From My Sister: Convinced

“I definitely don’t have an eating disorder,” my sister Lydia insisted several times during our conversation over the summer of 2014 about her recent health and lifestyle changes. Not knowing how to properly counteract or express my opposition to her insistence, I did what I am usually known best to do: listen. Which gave Lydia an ample amount of time to explain that what she was eating and how often she was exercising was “similar, but like, not the same” as someone with an eating disorder.

I nodded and “mhmmmd” at all the right places, listening to how hard she was trying to convince herself she did not have an eating disorder.

While I may show signs of what our family calls as “disordered eating,” I have never been diagnosed with an eating disorder myself. However, two out of the three women in my direct family having been diagnosed with Anorexia Nervosa, one of them being our mom who raised her eating disorder alongside myself, Lydia, and our brother Alex while we were growing up and still carries it with her today. As children we didn’t necessarily realize that our Mom’s eating, exercising, and social habits meant she had an eating disorder until we were old enough to sit through uncomfortable middle school health class lectures about anorexia and bulimia.


So what I thought had just started off as being a healthy lifestyle change for Lydia in the beginning of 2014, my thoughts quickly turned south when she came home for that summer after her sophomore year of college. No matter how much she insisted that she did not “have an eating disorder like Mom’s,” that it “wasn’t as bad” because she was “just trying to be healthy,” there was little doubt that she had not developed an eating disorder. The signs were all there: excessive weight loss, high consumption of regimented low calorie meals, trouble articulating words when reading out loud, and an increased intake of coffee throughout the day. I listened and I watched as I am good at, not knowing how to step in and help my sister who was clearly pleading for it.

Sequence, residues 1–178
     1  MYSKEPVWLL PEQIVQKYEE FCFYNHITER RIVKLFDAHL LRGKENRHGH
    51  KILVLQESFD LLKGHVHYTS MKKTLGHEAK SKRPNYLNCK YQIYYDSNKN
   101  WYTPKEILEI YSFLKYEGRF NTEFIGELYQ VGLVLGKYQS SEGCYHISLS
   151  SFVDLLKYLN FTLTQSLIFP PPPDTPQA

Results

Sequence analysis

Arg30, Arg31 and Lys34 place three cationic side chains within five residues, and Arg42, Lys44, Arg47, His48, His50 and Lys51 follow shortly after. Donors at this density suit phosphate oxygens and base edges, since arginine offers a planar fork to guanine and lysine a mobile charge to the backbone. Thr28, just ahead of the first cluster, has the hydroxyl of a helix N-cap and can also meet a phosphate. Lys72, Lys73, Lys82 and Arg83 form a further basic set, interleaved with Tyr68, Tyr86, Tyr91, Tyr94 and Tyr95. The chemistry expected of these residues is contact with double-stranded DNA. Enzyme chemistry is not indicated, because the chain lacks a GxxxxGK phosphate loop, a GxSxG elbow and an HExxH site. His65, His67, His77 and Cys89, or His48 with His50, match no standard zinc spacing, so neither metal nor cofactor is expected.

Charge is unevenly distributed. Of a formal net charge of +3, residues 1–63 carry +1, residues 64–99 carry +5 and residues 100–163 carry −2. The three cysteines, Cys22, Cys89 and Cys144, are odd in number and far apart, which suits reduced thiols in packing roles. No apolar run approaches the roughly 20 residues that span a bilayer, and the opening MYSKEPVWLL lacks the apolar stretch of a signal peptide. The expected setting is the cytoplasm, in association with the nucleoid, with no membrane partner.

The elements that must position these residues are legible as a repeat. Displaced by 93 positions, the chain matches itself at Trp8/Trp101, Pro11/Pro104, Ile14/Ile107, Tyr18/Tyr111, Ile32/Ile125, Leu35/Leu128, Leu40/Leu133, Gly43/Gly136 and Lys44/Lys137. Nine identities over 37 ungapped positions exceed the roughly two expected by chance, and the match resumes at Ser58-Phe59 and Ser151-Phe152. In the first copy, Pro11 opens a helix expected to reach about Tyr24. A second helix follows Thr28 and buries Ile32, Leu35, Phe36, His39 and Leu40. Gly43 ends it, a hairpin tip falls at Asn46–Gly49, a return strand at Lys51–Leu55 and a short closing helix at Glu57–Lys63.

Fortunately, my Mom’s and Lydia’s eating disorders have not claimed their lives as too often they tend to do. While both are currently in different stages of recovery, the road to each of those points has never been easy. It’s taken lots of tears, therapy, angry outbursts and awkward conversations for our family to learn how to cope, give support, have patience, and provide hope that recovery is possible no matter how determined an eating disorder is to prevent it.

Over the decades worth of immersion in my family’s eating disorders, I’ve also learned that there is no perfect way to be supportive. As the role of a supporter, there will be times when you’re angry, when you say the wrong thing, when you feel helpless to what you’re loved one is experiencing or the actions they are taking. Relapse is almost inevitable, even after several months worth of successful treatment and you’ll struggle to see how you’ll be able to support them through it again. Sometimes, recovery seems damn near impossible for them and for you.

But there will be times where you’ll see the door to recovery open for your sister/mother/brother/friend/spouse/family member, even if it’s just a minuscule crack at first. Eventually that crack may grow larger and larger as they catch glimpses of their recovery through the door, not quite ready to step into yet. Eventually, they might push the door open quietly or even curiously, or maybe they’ll throw it open and make a spectacular entrance like I witnessed Lydia do after her second round of treatment.

Eventually, you’ll most likely be able to hear them say “I have an eating disorder, but I’m not going to listen to it anymore,” and despite its simplicity, nothing in the world will sound more convincing than that.

Lydia Rhino